Kid Rating



Tet Festival

The Tet Festival celebrating Vietnamese Lunar New Year wasn’t as big of a production as we normally attend. It was quaint and there were some nice touches, but fundamental disorganization meant we missed most of the events.

Our Review of the Tet Festival – Orange County

There are many Lunar New Year festivals for various cultures; this year we attended the Vietnamese Tet Festival at the Orange County Fairgrounds. Lion dancers will be at any festival, but I was primarily interested in taking the boys to the Vietnamese village recreation to see what life was like in the rice patties of another culture.

We arrived right on time for opening ceremonies…which meant we were locked out of the festival and didn’t get to see a thing. Wait…WHAT?! Turns out you had to arrive early to be inside to see the lion dancers and the procession. But because we arrived on time, the entrance line was on hold, and we had to stand there while the procession walked by and performed inside.

As soon as the procession was in, the lines reopened. The lion dancers were still performing inside, but were surrounded by a mob in a narrow alley. So you couldn’t see the dancers at all…but you couldn’t get around either. So basically you couldn’t see the opening ceremonies, you couldn’t see the dancers, and you couldn’t get in to see the rest of the festival either.

Eventually enough angry people badgered a staff member into opening a barred alley so that at least we could get into the rest of the event.

There were various vendors of interest. The Game and Wildlife branch of law enforcement where there…which of course became the boy’s first stop. Anything hands on was a plus too. They were curious about the shrines with incense, so we asked someone to explain to the boys what it meant and why there was fruit left out.

The village was a bit disappointing. I suppose I was expecting more of a reenactment camp, but this was more small displays setup that kids could dabble with, but weren’t particularly educational or engaging. But I’m likely making an unfair comparison to higher budget events we’ve attended, so I don’t want to criticize…just align expectations..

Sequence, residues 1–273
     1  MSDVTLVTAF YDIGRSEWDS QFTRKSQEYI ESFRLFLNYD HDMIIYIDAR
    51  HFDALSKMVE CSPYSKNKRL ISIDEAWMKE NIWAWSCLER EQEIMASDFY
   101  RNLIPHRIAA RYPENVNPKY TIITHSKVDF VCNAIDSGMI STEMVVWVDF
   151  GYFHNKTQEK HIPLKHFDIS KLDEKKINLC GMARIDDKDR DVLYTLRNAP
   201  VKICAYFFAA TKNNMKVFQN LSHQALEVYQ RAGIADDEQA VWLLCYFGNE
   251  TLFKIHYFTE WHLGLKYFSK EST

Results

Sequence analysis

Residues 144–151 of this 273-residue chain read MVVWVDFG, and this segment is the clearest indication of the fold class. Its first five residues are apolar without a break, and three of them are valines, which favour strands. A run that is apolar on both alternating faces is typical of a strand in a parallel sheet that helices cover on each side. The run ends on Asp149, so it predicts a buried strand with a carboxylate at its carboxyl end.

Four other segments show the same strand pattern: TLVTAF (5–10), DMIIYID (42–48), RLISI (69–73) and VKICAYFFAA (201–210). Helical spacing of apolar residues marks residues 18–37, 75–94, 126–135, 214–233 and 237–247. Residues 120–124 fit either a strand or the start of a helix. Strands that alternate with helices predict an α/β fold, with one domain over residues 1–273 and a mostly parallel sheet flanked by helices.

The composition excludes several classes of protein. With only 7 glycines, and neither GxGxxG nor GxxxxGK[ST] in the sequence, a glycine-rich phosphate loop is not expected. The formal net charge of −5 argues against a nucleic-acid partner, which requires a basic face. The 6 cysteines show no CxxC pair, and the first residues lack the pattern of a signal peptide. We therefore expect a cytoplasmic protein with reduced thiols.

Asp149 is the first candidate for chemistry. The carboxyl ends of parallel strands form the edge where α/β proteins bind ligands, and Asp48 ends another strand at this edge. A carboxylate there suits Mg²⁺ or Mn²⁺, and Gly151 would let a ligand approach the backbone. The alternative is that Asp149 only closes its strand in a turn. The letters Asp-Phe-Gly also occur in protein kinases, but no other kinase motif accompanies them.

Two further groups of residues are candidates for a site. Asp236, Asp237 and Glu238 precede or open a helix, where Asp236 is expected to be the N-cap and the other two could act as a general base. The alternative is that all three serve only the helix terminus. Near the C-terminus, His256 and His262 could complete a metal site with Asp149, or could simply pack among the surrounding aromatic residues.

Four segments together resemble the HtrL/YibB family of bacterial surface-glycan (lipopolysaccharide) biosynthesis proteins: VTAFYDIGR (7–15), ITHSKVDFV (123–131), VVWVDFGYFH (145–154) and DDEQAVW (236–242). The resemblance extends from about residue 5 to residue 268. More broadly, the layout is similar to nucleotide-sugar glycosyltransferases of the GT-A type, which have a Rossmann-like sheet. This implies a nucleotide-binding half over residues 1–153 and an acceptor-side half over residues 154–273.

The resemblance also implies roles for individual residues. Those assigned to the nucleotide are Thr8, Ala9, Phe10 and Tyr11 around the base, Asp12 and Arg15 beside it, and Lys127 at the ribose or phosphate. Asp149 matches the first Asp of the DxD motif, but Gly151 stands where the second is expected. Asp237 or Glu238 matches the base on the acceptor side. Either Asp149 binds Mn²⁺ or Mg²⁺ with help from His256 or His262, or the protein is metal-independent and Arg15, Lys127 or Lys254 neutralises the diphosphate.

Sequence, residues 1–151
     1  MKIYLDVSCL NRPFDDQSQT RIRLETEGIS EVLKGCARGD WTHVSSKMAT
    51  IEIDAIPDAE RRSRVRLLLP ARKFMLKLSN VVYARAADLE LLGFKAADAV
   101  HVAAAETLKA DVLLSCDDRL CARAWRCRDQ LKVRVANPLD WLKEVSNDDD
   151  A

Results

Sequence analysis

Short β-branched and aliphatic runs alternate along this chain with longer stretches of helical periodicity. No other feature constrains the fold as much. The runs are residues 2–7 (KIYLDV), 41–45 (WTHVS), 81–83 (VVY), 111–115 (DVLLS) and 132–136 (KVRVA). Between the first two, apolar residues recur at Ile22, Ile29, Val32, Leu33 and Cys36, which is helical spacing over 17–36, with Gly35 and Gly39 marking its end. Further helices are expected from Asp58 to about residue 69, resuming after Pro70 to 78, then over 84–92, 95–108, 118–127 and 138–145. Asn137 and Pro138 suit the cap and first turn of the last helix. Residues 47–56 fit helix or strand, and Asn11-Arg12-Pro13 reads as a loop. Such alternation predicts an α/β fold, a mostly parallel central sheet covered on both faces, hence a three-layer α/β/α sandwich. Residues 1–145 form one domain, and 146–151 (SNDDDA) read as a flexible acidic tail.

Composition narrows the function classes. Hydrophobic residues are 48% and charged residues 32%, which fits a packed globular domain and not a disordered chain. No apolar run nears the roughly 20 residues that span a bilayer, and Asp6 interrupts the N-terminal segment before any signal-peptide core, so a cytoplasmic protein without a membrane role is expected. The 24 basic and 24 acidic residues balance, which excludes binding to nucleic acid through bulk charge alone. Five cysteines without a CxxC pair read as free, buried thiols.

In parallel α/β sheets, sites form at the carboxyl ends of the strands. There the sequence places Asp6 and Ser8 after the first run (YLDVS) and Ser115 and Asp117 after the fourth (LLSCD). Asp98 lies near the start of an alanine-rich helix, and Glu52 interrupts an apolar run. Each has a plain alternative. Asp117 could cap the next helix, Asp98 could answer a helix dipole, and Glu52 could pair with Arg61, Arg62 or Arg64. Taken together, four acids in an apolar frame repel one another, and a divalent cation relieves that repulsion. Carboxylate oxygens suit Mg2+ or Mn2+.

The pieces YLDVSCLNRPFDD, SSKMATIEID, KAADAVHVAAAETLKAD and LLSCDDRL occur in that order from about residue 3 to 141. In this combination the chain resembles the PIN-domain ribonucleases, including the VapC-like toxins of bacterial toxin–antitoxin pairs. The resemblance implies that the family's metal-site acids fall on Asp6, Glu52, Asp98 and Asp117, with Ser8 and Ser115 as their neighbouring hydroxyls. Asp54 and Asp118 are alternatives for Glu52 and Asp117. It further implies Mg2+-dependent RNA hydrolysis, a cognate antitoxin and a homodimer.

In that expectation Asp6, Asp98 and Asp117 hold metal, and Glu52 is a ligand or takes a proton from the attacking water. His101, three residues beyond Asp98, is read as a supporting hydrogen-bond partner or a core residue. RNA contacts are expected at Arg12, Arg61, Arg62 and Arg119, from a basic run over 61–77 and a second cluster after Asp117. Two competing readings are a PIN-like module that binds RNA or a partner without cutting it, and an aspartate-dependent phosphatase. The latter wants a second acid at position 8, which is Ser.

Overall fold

The sun started beating down, and the boys were losing interest fast. Open ceremonies were at noon, so it was definitely lunch time…which meant EVERYONE was sweating in the sun waiting for food. I would have wanted to try something new and authentic, but people were hot and hungry and we went with ramen noodles. Ramen?! Seriously?! But it turns out the boys loved it! They even enjoyed learning to use chopsticks.

About that time the celebratory fireworks went off right on time…but at a location never announced. So everyone went rushing towards the sound, but it was over before the crowds made it. But now that everyone had come running, they were packed in tight again and you couldn’t see the lion dancers performing in a tiny corner unless you were in the front row.

AAAAAND that was it. The boys weren’t going to listen to local choir music or watch toddlers do a martial arts demonstration. Again, these are nice events for the local Vietnamese community, so I’m not trying to be disparaging. I’m just pointing out that it’s not going to be entertaining for a young crowd just learning about the culture.

At this point, the only thing left was the carnival rides. We promised them each ONE ONLY, which we did and left promptly.

It was fine, and I don’t want to belittle the effort that was obviously put into the event, but I felt like I didn’t get to see half of what I wanted because of misinformation or disorganization in the program. If events weren’t held in narrow alleys or tight corners, more people would be able to watch. If event locations were better publicized, people would know where to be.


Arrive Early

In order to see the opening ceremonies, you have to arrive early enough to already be inside the event…or you’ll get locked out and miss them.


If you’re attending the OC Fairgrounds, know which GATE your event is being held at. Nothing sucks more than paying for parking, finding a spot, and walking up to the gate to be told you’re in the wrong place.